For each blood sample tested, the cat's age, breed, and sex were recorded. When available, the cat's health status or underlying disease was also recorded. All samples were analyzed with approval of the institutional animal care and use committee.

Typing methods—All samples were tested in accordance with the manufacturer's instructionsb–d and published methods18 and as follows.

CARD method

One drop (approx 50 μL) of PBS solutione was placed in the 3 wells marked as autocontrol, A, or B on the feline blood-typing card.b One drop of anticoagulated blood was added to each well and then spread over the well area. A second drop of PBS solution was added to the anti-A well to overcome any potential prozone effect and thereby enhance agglutination. The card was agitated and agglutination interpreted after 1 minute as follows: 0, no agglutination; 1+, many small agglutinates with RBCs in suspension; 2+, some larger agglutinates and many small agglutinates; 3+, a few large agglutinates in clear suspension; and 4+, 1 large agglutinate in clear suspension. Agglutination reactions of 2+ or more were considered a positive test result. When autoagglutination was present in the autocontrol well, RBCs were washed 3 times in PBS solution by use of standard methods as described for the TUBE method before being resuspended at a 25% to 35% RBC suspension. When autoagglutination diminished to ≤ 1+, typing was repeated.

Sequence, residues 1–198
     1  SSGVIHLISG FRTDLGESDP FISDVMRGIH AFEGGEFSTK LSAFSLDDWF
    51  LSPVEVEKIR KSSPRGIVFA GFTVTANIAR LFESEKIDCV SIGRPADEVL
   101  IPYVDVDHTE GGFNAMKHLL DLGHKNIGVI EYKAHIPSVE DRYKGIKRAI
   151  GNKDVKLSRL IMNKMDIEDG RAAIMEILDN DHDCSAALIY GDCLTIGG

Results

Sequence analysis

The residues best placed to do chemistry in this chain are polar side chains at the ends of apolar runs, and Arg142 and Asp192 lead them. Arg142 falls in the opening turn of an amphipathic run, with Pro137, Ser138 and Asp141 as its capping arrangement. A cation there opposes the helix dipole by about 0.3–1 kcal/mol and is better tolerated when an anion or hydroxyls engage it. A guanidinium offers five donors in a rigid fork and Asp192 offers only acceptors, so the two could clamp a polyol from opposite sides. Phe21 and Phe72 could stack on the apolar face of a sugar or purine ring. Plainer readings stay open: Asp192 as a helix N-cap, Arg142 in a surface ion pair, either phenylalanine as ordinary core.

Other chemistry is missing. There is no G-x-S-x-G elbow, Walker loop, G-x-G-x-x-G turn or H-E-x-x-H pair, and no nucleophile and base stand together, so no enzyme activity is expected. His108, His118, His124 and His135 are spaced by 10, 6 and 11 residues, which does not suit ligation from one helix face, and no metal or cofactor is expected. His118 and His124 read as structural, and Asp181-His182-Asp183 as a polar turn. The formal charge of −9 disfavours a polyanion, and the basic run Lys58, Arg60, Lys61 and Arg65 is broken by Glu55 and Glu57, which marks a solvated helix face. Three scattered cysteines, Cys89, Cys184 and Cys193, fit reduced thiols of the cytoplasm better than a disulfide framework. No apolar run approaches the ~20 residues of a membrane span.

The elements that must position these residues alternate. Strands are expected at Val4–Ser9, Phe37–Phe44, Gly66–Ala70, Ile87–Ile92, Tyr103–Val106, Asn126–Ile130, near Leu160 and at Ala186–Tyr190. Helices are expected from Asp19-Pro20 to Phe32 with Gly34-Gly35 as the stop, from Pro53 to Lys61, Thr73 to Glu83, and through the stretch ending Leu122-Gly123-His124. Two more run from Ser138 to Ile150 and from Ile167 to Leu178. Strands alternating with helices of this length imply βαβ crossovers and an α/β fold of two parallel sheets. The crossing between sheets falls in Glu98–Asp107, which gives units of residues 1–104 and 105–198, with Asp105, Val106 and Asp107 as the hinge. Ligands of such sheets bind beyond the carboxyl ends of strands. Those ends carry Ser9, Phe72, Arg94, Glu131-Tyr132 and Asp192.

CHROM method

For the CHROM test kit,c 3 drops of diluent were placed into the supplied plastic well. The supplied absorbent paper strip was briefly dipped into anticoagulated blood and then in the diluent-containing well to suspend RBCs. An immunochromatographic strip, linearly impregnated at 3 distinct levels with monoclonal anti-A and anti-B antibodies and a control lectin, was then placed in the RBC suspension for approximately 2 minutes until the RBC suspension had diffused to the top of the strip. The cartridge was then placed in a holder and immediately read as follows: the presence of a red band at the position marked C (control) had to be present for result interpretation, the existence of a visible red band at the position marked A indicated the expression of the A antigen, and the presence of a red band at the B position indicated expression of the B antigen on RBCs.